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The Means (5)

The Means (5)

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The Means (5)

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  1. The Means (5) How are the goals achieved? Taking refuge in the three Jewels helps human beings to achieve the goals.

  2. Sub-topics • The Buddha — his life and example (the 4 Sights, Going Forth and Enlightenment). • The Dhamma — the Truth; not the source of enlightenment but indicating the way. • The Sangha — the Aryasangha; lay Buddhists; monks and nuns; Western Buddhist communities. • (Therevada and Mahayana understandings of the Buddha, Dhamma and Sangha should be addressed).

  3. The Three Jewels/Refuges • “Just about every Buddhist tradition includes taking refuge in the Buddha, the Dhamma and the Sangha. These three provide a focus for our commitment and for our reflections on the practice.” Ajahn Sumedho, The Mind and the Way

  4. The Three Jewels/Refuges • When someone formally decides to become a Buddhist, he or she recites what is called the Three Jewels/Refuges, three times each: • I take refuge in the Buddha, • I take refuge in the Dhamma, • I take refuge in the Sangha. …or as it was developed by the Buddha himself in Pali • Buddham saranam gacchami • Dhamman saranam gacchami • Sangham saranam gacchami

  5. The Three Jewels/Refuges • Called the ‘Jewels’ as they are so precious and valuable. • Commitment to Buddha as teacher; Dhamma as guidance; and Sangha as companions through life.

  6. The Three Jewels from a Buddhists perspective • Consciously identifying enlightenment as his/her ultimate aim (including acceptance of Buddhist understanding of ‘true happiness’). • Making a personal commitment to follow the Buddha’s teachings and put them into practice (scriptures, practices, festivals etc.)

  7. The Three Jewels from a Buddhists perspective • ‘Refuge’ does not mean a place to ‘hide’ or to ‘escape’ to e.g. refuge in the Buddha does not mean a Buddhist is pleading or praying for salvation. • Rather a decision based on the conviction that we have the potential for enlightenment, and it is possible to awaken this potential.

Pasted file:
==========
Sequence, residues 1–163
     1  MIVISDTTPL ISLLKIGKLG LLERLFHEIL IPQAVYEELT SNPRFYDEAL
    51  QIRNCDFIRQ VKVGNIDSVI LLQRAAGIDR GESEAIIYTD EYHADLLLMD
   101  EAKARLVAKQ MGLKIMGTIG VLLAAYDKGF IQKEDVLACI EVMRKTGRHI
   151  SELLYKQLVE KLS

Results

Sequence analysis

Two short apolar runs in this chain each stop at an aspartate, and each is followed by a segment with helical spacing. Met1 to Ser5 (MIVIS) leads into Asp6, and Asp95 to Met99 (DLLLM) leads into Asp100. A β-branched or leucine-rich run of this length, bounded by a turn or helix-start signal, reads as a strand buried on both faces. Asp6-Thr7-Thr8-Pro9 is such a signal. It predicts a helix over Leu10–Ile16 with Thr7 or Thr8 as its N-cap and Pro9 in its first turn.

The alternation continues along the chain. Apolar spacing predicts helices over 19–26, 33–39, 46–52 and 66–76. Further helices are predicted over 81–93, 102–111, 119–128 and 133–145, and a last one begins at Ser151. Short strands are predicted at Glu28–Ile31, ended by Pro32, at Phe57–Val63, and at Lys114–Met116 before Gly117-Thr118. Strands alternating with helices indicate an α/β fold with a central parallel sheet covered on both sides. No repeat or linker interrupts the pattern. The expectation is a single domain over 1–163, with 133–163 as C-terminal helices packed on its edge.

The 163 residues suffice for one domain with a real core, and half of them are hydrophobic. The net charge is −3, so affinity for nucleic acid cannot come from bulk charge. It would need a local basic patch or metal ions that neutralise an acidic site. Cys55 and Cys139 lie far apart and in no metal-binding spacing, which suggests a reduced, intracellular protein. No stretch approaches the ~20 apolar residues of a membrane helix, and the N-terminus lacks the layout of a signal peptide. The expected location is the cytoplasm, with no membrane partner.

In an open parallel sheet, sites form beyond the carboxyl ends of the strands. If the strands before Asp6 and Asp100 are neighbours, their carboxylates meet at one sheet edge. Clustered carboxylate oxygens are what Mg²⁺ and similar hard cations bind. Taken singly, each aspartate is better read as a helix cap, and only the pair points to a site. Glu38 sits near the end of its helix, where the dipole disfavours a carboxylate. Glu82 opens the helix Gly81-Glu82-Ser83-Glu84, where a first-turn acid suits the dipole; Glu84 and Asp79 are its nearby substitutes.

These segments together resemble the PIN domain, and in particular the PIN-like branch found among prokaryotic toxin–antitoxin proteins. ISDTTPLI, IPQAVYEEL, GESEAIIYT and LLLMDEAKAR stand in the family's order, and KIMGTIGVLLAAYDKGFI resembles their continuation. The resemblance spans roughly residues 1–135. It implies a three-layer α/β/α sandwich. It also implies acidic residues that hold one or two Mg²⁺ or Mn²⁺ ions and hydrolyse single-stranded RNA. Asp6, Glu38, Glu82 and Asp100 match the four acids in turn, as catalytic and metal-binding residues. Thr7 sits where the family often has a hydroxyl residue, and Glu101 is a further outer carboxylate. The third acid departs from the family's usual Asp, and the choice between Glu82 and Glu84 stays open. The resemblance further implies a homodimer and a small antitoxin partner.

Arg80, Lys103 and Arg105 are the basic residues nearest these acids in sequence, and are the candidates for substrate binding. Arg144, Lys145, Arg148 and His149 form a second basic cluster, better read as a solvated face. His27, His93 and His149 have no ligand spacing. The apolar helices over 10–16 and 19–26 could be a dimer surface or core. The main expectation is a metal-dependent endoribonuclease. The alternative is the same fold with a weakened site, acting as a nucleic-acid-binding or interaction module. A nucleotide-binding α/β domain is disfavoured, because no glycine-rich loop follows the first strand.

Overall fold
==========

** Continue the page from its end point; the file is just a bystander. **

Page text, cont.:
8. The Three Jewels from a Buddhists perspective • ‘Refugees’ from samsara, the endless cycle of suffering. • Refuge means an expression of reliance the Buddha, Dhamma and Sangha but most importantly your own enlightenment potential.

  9. Dhammapada 380 • ‘One is one’s own master, one’s own refuge.’ • So what does this mean for your everyday life?

  10. ‘Refuge’ in everyday life • A commitment to make every effort not to harm others or ourselves in any way. • So how does a Buddhist take refuge?

  11. How does a Buddhist take refuge? • Refuge ceremony: usually held in local monastery with several monks to witness the recitation. In Buddhist countries this takes place when children are about 7 (however they are free to change religion with no sanctions). In the Tibetan tradition you are given a refuge name and if a lay person, a small lock of hair is cut to symbolise the giving up of vanity in favour of spiritual values. • Reciting refuges: each day as a reminder of the original commitment. Morning and evening prayers begin with recitations.


  13. The Buddha • Hislife and example: • The 4 Sights (Old age, Sickness, Death and a Holy Man or Ascetic) • Going Forth (Dissatisfaction with life, mission to find an answer to suffering and the cycle of rebirth) • Enlightenment (Finding the middle way, realising reality, defeating Mara)

  14. The Buddha • Following enlightenment he taught until his death. • The teaching were preserved orally for about 500 years, then written down. • Good extract p.107

  15. Therevada Acknowledge historical role in communicating Dhamma: historical founder. Buddha (Shakyamuni) as ultimate teacher and guide: his life sets an example. An extraordinary human being, the embodiment of enlightenment. Mahayana Trikaya doctrine of earthly, heavenly and ‘transcendent’. Refuge all other buddhas of the past and the future (not just Buddha Shakyamuni). Most significantly to Sambhogakaya buddhas as well. Variation within Mahayana: Pure Land - Buddha Amitabha; Zen - buddha nature within. The Buddha

  16. The Dhamma • Dhamma (Skt) or Dharma (P) have many different meanings: Universal truth; Teachings of the Buddha; Path; Personal realisation of truths; ‘Buddhism’. • Taking refuge in it: means an understanding that the teachings of the Buddha are there to be heard, read, studied, understood, practised and realised. • The most important? The Dhamma can be seen as the key that opens the meaning of all of the Three Refuges.

  17. The Dhamma • Not a source of enlightenment in and of itself – analogy with path to a mountain / raft to cross the ocean to nibbana. • The Buddha’s finger pointing to the moon. • Good extract p.109